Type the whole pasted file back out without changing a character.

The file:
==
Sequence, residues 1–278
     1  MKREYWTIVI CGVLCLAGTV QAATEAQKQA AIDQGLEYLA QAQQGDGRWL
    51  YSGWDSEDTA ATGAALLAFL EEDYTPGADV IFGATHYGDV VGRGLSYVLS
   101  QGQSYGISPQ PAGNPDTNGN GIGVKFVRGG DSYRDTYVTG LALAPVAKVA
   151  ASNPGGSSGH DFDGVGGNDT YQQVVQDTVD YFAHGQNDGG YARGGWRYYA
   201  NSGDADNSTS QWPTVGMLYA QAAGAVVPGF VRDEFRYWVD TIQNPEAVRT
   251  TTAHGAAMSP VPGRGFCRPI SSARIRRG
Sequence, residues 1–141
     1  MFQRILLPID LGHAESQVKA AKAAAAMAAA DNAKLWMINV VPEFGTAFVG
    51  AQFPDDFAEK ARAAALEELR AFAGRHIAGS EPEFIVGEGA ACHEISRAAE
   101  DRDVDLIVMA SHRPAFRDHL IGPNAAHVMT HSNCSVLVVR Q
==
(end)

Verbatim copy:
Sequence, residues 1–278
     1  MKREYWTIVI CGVLCLAGTV QAATEAQKQA AIDQGLEYLA QAQQGDGRWL
    51  YSGWDSEDTA ATGAALLAFL EEDYTPGADV IFGATHYGDV VGRGLSYVLS
   101  QGQSYGISPQ PAGNPDTNGN GIGVKFVRGG DSYRDTYVTG LALAPVAKVA
   151  ASNPGGSSGH DFDGVGGNDT YQQVVQDTVD YFAHGQNDGG YARGGWRYYA
   201  NSGDADNSTS QWPTVGMLYA QAAGAVVPGF VRDEFRYWVD TIQNPEAVRT
   251  TTAHGAAMSP VPGRGFCRPI SSARIRRG
Sequence, residues 1–141
     1  MFQRILLPID LGHAESQVKA AKAAAAMAAA DNAKLWMINV VPEFGTAFVG
    51  AQFPDDFAEK ARAAALEELR AFAGRHIAGS EPEFIVGEGA ACHEISRAAE
   101  DRDVDLIVMA SHRPAFRDHL IGPNAAHVMT HSNCSVLVVR Q